“Imagination will often carry us to worlds that never were. But without it we go nowhere.”
“Out of this world”
One of my personal favorites, the colors, details, like a distant nebula in a far away galaxy. The sky will never cease to amaze me. 💜
Was the mythical parting of the Red Sea triggered by Moses’ outstretched hand or an unusual chain of perfectly natural causes?
Volzinger and Androsov calculated that a wind blowing at the speed of 67 miles per hour sustained overnight could have exposed a reef that existed close below the ocean surface. The Israelites could have then fled over the passage before the wind died down and waters rose again, blocking the way for pursuing Egyptian soldiers in their wheeled chariots.
Volzinger explains that some 3,500 years ago, the reef would have been closer to the water’s surface so it would have been exposed for just the right amount of time.
“It would take the Jews … four hours to cross the 7-kilometer reef that runs from one coast to another,” Volzinger told The Moscow Times. “Then, in half an hour, the waters would come back.”
A miracle? Perhaps. Great timing? Certainly, argues Colin Humphreys, a physicist at Cambridge University in England.
“Trees are the earth’s endless effort to speak to the listening heaven.”
We are born with mouths that close and ears that don’t. You’d think that must tell us something.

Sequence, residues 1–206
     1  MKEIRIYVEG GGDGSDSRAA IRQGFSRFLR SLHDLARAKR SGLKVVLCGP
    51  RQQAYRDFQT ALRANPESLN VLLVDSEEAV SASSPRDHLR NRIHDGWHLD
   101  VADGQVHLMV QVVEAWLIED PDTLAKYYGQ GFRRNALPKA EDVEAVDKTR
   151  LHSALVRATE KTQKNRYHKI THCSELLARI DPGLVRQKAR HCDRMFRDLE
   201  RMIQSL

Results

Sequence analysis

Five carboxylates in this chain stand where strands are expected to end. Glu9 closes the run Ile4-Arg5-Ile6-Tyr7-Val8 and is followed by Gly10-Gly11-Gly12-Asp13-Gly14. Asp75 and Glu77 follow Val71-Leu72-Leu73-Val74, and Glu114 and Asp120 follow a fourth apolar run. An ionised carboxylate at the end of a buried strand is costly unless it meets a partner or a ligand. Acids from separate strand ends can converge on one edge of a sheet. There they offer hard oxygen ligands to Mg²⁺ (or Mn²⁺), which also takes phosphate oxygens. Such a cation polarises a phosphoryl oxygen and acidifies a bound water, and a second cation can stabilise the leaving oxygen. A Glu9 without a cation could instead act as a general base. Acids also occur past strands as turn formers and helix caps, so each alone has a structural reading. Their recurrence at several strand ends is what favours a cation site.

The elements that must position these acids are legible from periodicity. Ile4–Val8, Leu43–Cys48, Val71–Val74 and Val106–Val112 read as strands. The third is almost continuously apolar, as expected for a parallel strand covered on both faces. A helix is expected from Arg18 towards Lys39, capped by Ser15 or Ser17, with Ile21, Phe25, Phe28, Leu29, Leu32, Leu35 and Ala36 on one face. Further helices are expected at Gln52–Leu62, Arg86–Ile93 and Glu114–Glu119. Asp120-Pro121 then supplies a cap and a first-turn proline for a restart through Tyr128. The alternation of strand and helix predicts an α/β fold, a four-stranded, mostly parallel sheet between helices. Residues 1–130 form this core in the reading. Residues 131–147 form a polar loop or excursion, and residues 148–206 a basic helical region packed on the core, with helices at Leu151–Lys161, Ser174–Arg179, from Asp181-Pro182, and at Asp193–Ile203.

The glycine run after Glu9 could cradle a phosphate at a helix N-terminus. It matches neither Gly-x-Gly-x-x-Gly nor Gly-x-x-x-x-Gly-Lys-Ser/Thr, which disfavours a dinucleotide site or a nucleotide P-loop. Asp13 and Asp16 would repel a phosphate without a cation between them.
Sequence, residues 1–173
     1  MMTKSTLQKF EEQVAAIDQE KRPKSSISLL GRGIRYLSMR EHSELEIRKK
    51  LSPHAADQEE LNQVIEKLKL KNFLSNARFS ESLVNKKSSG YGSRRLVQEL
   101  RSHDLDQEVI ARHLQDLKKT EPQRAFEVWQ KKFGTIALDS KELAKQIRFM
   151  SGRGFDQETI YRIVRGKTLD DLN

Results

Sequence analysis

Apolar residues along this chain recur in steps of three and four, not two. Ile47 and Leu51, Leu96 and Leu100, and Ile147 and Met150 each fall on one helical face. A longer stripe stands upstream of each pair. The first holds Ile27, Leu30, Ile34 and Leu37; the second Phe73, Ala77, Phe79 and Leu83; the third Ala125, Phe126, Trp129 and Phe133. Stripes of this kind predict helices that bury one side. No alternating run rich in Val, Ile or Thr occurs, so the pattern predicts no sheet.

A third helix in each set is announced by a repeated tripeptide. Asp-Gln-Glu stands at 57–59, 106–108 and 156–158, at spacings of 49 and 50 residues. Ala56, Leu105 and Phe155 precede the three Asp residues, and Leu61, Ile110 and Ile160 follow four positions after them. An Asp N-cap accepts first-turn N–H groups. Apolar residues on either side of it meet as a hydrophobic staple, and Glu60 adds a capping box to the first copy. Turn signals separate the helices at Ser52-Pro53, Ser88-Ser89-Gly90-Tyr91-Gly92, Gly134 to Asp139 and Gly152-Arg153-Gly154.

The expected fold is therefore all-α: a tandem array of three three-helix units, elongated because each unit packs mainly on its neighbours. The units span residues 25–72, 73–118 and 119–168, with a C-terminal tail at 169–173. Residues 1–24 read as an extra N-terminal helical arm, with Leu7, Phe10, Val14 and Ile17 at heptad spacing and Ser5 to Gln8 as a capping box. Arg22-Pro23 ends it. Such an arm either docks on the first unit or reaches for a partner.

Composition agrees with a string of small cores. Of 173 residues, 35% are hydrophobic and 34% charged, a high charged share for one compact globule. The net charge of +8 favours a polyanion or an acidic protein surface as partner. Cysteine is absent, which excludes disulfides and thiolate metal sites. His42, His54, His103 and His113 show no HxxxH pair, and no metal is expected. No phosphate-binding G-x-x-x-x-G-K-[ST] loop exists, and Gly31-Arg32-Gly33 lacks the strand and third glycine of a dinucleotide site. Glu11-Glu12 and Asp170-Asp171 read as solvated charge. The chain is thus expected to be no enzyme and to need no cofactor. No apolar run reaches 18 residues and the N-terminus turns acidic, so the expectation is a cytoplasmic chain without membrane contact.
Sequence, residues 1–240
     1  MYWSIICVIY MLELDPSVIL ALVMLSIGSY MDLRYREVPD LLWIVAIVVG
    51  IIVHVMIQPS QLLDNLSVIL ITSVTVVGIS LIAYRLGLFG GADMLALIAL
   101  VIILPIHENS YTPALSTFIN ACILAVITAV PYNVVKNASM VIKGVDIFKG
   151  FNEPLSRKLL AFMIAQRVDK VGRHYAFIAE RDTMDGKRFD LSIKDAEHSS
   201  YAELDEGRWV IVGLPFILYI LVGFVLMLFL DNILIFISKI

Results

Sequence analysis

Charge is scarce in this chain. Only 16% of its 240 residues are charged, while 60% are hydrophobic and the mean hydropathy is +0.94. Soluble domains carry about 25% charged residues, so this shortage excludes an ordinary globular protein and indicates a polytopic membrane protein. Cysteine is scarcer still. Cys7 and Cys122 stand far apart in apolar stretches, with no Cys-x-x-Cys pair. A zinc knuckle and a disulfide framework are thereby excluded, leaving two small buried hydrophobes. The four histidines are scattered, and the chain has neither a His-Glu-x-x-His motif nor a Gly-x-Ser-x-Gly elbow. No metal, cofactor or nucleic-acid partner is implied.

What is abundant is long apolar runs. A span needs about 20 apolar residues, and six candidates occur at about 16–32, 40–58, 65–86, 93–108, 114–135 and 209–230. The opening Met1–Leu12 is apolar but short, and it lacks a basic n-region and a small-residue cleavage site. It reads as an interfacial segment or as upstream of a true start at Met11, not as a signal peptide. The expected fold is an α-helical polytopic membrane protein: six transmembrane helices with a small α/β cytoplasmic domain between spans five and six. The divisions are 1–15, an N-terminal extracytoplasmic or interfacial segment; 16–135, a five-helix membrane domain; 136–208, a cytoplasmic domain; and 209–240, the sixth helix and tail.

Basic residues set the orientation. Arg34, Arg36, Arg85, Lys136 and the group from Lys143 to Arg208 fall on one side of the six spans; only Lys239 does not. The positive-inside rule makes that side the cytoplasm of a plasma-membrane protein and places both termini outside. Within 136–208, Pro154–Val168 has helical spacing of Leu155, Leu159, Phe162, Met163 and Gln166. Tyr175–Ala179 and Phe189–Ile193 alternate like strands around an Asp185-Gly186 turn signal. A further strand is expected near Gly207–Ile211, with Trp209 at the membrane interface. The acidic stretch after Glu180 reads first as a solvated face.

“The beauteous pansies rise
In purple, gold, and blue,
With tints of rainbow hue
Mocking the sunset skies.’
Thomas John Ouseley
“Pansy in mint”
Strength shows, not only in the ability to persist, but the ability to start over.
“When life gives you blues, make smurfs”
Take a deep breath. What do you think you just breathed in? Mostly Nitrogen, about a fifth of that breath was Oxygen and the rest was a mix of other gases. To get the same amount of oxygen from one Earth breath, you’d have to take around 14,500 breaths on Mars! With the atmosphere being 100 times less dense, and being mostly carbon dioxide, there’s not a whole lot of oxygen to breathe in.
“I’d like to be a water-lily sleeping on the river,
Where solemn rushes whisper, and funny ripples quiver.
All day I’d watch the blue sky, all night I’d watch the black,
Floating in the soft waves, dreaming on my back,
And when I’d tired of dreaming, I’d call a passing fish,
“I want to find the sea!” I’d shout, “Come! You can grant my wish!”
He’d bite me from my moorings, and softly I would slip
To the center of the river like an ocean-going ship.
The waves would laugh upon me. The wind would blow me fast,
And oh, what shores and wonders would greet me as I passed!
Yes, if I were a water-lily, I’d sail to sea in state
A green frog for my captain and a dragon-fly for my mate!”
A poem by John Chipman Farrar.
Whales are pregnant for 9 – 18 months.
After birth the female whale feeds her young by producing milk which her child then suckles on from her nipple.
Suckling may continue anywhere from 6 months to 2 years or more.
In a family the female whale is referred to as the cow, the male is called the bull and the child is known as the calf.
“Birth of a whale”